In the ideal scenario, IT is a centrally-managed, corporate-driven services organization where the CIO runs a Program Management Office (PMO). Within the PMO, a specific IT professional has been assigned export control responsibilities and ensures all corporate-driven initiatives (e.g. going to the Cloud, ERP consolidation, outsourcing, offshoring, etc.) are vetted for export control considerations. This person ensures TC is actively engaged in new projects. In addition, this person is responsible for ensuring IT has and maintains the methodologies and tools the business needs to comply. This person can connect you with all the key players and should already be interfacing with them on your behalf. This approach means IT has taken responsibility AND assigned resources.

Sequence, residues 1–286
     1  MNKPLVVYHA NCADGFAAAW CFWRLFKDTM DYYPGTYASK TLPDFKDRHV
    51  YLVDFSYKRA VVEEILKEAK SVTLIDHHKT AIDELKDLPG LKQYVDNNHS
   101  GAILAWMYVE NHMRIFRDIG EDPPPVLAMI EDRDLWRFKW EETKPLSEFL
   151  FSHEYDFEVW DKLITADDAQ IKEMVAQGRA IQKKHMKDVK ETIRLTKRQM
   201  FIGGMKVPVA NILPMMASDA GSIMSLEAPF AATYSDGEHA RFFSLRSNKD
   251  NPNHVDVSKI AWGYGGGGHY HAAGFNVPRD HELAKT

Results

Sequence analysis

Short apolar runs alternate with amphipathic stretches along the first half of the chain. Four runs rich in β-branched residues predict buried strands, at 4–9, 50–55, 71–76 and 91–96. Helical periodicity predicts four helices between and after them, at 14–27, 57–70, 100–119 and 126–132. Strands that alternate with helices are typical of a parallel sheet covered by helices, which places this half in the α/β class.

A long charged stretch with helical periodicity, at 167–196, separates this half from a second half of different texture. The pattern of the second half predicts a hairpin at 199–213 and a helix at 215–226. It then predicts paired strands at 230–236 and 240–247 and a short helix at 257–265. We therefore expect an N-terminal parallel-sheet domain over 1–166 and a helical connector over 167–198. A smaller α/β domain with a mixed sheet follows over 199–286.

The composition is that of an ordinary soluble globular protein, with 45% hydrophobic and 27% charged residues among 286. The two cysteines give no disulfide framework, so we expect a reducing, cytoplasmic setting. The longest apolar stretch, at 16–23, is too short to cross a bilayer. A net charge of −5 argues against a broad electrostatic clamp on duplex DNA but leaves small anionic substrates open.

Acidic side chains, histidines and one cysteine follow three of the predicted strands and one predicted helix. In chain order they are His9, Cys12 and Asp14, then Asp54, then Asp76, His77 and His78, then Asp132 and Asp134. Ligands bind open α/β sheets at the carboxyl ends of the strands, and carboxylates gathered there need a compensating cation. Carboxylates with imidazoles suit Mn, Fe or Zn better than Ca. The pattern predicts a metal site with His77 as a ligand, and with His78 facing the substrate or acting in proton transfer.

If your company operates with a model similar to that described above, you’re ahead of the curve. If your IT organization operates in a highly-decentralized model, where maverick IT organizations do what they want, you have a tougher road ahead of you.

TC professionals, you’ll want to connect with the IT professionals who have the following roles/responsibilities:

  • Chief Information Officer (CIO) – in smaller organizations, the CIO may be more hands-on and accessible. In these organizations, it may be appropriate for the TC lead to interact with the CIO directly. In medium-to-large companies, you should know your CIO, but work directly with his/her generals. The CIO will set the strategic direction, so it is important he/she understand and account for export controls in the IT strategy.